Monday, October 27, 2008

Review -- "Flat World Knowledge: an open-source textbook revolution?"

For direct link to original article, click title.

I know I'm not the only person who felt totally robbed by the school bookstore right before fall semester started. I'm actually looking at my receipt right now, and the total for all of my textbooks came out to $647.50. What a scam. I'm just not going to buy any books next semester. Kidding.. kind of.. This article made me slightly bitter (if you couldn't tell by my introduction). It discusses the launch of a website called Flat World Knowledge, which provides "high-quality" textbooks free of charge. It's really too bad it started up only this past September; had it been established a couple months earlier, maybe I wouldn't have had to spend SO MUCH MONEY on textbooks (and as a side note: of the 5 textbooks I've bought, I only use 1).
Prentice Hall Business Publishing is one of the top publishers of textbooks in the country. Their Director of Marketing Eric Frank quit the company he had been working under for 11 years to found Flat World Knowledge. Not surprisingly, his idea of providing textbooks for free online confounded many of his colleagues. Frank's line of reasoning that led him to founding Flat World Knowledge was simple: the current college textbook system is, frankly, hated by everyone. Students hate the fact that textbooks run, on average, $100 a pop. What makes them even more miserable is that as soon as they buy a textbook, a new edition for said book is already in the making, and any shred of hope they had for buy-back is lost. It only makes sense that students think that this process of constantly updating books as a way of keeping textbooks unreasonably expensive. There is a correlation between how upset the students are over the price of their outdated textbooks and how upset their professors become when students try to get away with not purchasing the material for their classes. No one is happy. Furthermore, the less number of students purchase textbooks, the less faculty authors are compensated for their work, and the whole education system turns into a disaster simply because textbooks are always expensive and usually in the process of becoming outdated (so I may have exaggerated for the sake of making a point, but at least we're all on the same page?).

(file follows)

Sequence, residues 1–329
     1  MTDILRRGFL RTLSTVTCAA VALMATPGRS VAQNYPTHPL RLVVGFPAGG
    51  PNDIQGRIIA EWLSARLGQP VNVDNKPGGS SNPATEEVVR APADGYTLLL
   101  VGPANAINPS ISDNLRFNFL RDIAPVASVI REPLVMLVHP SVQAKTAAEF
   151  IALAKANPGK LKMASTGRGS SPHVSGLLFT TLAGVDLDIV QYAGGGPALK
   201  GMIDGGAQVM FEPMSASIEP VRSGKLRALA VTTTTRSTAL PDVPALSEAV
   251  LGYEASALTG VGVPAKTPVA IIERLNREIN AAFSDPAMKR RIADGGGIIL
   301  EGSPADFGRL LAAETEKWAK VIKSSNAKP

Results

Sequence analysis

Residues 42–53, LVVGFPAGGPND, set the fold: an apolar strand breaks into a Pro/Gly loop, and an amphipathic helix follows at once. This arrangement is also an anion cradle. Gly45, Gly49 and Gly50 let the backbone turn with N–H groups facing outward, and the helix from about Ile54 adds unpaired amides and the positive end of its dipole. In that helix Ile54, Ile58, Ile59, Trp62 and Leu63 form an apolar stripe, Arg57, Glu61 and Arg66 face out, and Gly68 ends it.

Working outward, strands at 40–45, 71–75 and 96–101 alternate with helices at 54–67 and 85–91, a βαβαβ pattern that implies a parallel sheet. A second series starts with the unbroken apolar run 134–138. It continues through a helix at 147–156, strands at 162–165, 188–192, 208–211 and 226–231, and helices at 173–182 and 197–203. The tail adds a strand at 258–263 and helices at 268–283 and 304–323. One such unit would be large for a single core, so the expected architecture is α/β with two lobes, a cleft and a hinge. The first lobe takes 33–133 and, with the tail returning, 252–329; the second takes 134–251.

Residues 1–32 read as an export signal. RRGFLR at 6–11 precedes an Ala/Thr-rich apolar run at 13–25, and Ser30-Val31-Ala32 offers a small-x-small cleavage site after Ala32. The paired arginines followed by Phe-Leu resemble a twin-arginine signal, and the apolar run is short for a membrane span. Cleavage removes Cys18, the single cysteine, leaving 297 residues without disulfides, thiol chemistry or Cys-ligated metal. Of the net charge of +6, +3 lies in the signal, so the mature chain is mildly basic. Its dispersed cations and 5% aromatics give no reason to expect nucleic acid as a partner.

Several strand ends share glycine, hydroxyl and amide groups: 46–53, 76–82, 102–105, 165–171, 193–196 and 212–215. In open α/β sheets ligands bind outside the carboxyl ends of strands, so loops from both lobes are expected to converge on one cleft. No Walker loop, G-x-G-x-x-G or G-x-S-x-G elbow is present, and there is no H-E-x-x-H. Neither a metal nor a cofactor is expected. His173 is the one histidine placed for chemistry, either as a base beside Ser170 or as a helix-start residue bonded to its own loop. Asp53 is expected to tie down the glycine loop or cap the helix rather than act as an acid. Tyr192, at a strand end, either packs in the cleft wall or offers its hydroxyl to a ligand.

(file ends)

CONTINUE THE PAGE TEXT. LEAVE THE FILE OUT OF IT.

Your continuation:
Why exactly did Eric Frank leave Prentice Hall to start Flat World Knowledge as an entirely new and different company? If he was one of the top guys at PH, why didn't he just propose to launch Flat World Knowledge as a branch of the already existing, already successful company? The answer is simple: the "dead-tree" traditional publishing world is too fixed in it's system to revamp any of itself in order to even consider the idea of free textbooks provided over the web.
Not only does Flat World Knowledge license the books and send it through editing and peer review, and give all this work away at no cost online, it also provides study guides/aids and services (at some fee, but can anyone really complain about that at this point?). However, here's where all this of relates to our FSEM: Eric Frank and partner Jeff Shelstad are designing Flat World Knowledge as an open source software publisher. "In addition, teachers could edit, delete, and remix textbooks so that the books precisely match the teacher's approach to a course." I can't help but admire the ingenuity of Frank and Shelstad's idea here. This is an actual application of Matt Mason's "Pirate's Dilemma" without.. any dilemma, and it's totally respectable and completely practical.
Frank and Shelstad hope that Flat World Knowledge will serve to satisfy every level of the educational heirarchy. Professors have immediate access and a great degree of control over the material they want to cover in their classes, students pay less to learn the same material, and revenues for faculty authors increase.
As a new company with an unheard of innovative mission statement, Flat World Knowledge is undoubtedly going to run into a lot of problems. Current online textbooks are thought to be "expensive and impractical for a large portion of the student population", so to convince everyone that Flat World Knowledge will be otherwise is one task Frank and Shelstad will need to overcome. They'll also have to persuade authors the benefits of providing their work for free online (if I were an author, I would not buy into the idea even with all this knowledge..). Flat World Knowledge's main pitch is that they're all about the authors, rather than the brand name.
All I can say is: Good luck, guys. I hope Mary Washington starts using this website.. sometime in the next 2 months.. ugh.

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